Work has been done in the past on a more logical structure, including workforce reform which many would welcome. But there’s little indication that a competency based approach to scope of practice has really been thought through. There certainly is reason to believe that reducing pay rates and conditions might be part of the picture, particularly when considering that remuneration is normally lower in the private sector for nurses, Allied Health Professionals and other health workers.
The Government has also weakened employee protections in legislation rushed through Parliament last year.
Whether a further drift of doctors to private practice will be a result is a legitimate question.
Secondly, the paper emphasises – rightly – accountability and results. But overseas experience shows that outsourcing often cuts standards, and that contract and performance management eats up resources that might more optimally be directed to service provision. Problems of co-ordination are also rife, with contractualism replacing cooperative management. Add contracts for service delivery to the mix of local hospital boards’ responsibility for purchasing services and you have a recipe for the sorts of bureaucratic confusion and empire building the Blueprint rejects.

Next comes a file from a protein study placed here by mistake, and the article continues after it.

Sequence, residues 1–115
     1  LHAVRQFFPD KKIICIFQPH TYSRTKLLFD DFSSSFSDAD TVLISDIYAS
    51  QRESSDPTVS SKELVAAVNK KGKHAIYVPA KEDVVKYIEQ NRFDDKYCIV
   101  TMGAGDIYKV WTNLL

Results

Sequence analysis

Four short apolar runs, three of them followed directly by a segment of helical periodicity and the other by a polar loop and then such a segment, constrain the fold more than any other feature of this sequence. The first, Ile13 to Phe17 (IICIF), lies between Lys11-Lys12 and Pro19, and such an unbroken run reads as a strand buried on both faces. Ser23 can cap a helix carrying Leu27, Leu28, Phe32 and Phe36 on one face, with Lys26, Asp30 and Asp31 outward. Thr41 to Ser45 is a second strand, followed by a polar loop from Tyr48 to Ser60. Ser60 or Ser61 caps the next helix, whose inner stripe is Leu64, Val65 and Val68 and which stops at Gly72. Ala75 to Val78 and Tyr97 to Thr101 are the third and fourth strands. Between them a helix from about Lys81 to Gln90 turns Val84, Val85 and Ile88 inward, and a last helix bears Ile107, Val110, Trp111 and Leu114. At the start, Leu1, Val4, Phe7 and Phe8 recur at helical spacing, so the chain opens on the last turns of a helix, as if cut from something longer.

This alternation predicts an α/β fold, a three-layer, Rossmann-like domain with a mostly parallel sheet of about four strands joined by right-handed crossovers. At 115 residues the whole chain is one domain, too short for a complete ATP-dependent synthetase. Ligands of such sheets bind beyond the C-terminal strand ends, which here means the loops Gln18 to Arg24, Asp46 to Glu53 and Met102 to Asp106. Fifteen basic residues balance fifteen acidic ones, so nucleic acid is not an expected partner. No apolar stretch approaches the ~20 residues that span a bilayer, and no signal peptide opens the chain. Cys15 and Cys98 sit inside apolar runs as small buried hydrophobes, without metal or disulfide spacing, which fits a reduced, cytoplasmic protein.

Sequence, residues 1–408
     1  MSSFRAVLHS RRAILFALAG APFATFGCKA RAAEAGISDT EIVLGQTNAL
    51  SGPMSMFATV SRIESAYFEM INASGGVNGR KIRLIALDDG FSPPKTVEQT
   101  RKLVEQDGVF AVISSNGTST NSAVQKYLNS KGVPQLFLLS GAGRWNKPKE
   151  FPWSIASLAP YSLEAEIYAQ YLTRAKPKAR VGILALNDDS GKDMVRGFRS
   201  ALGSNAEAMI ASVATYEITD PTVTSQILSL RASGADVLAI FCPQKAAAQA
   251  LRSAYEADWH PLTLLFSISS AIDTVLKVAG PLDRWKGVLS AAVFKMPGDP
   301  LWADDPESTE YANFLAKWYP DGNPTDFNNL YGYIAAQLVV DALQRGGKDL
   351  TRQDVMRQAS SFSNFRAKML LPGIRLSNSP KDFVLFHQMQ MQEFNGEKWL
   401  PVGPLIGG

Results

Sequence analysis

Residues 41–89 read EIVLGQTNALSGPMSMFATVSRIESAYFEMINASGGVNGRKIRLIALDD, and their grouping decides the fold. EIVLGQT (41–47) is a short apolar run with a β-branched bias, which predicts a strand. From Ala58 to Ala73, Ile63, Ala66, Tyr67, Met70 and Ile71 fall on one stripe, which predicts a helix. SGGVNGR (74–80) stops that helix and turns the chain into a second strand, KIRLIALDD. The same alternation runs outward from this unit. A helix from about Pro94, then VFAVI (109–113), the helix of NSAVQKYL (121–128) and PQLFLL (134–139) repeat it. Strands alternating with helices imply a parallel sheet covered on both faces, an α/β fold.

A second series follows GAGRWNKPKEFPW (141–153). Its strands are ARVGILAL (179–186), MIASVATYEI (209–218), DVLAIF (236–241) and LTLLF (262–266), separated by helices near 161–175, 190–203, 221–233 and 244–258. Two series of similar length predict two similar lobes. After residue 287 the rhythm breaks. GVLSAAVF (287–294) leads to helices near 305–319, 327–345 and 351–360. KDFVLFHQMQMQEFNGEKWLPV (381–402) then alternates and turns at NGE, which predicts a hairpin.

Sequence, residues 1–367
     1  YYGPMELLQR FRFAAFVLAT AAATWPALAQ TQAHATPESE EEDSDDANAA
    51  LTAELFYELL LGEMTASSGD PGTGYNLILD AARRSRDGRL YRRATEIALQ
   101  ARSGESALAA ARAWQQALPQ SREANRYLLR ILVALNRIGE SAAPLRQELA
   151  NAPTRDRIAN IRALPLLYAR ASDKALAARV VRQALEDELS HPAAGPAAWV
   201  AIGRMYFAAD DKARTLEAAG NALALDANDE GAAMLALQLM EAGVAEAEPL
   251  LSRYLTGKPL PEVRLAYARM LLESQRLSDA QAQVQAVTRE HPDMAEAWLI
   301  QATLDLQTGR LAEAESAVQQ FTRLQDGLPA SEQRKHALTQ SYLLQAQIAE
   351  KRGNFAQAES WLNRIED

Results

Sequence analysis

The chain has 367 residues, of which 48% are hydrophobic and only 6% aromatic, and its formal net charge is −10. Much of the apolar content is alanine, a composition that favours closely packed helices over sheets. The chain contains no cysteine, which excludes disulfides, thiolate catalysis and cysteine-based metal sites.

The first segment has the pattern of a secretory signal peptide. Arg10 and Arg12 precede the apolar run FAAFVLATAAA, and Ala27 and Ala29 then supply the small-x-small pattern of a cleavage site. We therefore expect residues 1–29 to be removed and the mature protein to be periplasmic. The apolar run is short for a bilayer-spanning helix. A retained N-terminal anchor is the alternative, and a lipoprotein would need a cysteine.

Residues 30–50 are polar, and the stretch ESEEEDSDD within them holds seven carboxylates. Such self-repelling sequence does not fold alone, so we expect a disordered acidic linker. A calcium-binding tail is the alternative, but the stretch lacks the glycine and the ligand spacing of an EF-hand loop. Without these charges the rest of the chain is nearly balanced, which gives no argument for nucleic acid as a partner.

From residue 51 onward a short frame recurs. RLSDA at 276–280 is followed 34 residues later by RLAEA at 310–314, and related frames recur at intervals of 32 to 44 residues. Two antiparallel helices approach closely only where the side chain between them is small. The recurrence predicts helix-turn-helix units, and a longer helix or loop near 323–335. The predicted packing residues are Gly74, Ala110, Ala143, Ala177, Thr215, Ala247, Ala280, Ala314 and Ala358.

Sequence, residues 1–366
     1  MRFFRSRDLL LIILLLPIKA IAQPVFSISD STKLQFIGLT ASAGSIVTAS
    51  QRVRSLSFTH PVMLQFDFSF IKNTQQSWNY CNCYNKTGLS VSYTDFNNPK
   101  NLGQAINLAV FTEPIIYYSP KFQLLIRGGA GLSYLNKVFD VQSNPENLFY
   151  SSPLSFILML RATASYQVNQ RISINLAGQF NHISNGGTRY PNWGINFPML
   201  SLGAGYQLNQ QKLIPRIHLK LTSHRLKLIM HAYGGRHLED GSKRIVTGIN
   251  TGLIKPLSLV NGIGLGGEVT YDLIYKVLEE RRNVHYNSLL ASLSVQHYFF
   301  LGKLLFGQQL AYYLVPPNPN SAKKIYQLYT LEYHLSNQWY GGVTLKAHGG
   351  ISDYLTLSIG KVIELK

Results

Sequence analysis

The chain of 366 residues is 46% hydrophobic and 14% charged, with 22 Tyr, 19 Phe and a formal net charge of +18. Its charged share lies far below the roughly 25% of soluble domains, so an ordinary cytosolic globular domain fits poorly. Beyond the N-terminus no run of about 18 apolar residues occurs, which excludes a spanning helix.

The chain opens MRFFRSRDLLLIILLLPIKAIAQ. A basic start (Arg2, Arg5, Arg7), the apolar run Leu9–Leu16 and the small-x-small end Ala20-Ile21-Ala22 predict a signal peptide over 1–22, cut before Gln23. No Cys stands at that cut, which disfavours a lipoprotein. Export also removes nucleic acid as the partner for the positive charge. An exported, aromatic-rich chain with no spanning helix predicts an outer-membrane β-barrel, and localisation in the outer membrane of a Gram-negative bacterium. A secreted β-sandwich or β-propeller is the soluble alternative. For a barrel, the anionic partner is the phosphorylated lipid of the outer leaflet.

Something might have been learnt from outsourcing the design of the payroll system.
Peter Costello is now trumpeting the Audit Report as a template for other States and a Federal LNP government to follow. Even if that’s blowing in the wind (and it probably isn’t), we deserve better than to be told by Lawrence Springborg to “get on the train or get under it”. Change of this magnitude ought not to be done by fiat. But the train seems to have left the station.
• Dr Mark Bahnisch is a Fellow of the Centre for Policy Development and a Postdoctoral Research Fellow in the Centre Medical Education Research and Scholarship, School of Medicine at The University of Queensland. A sociologist, he has for many years been active in policy debates and in social consultation. He has recently been researching and publishing on Health Workforce and Health Services.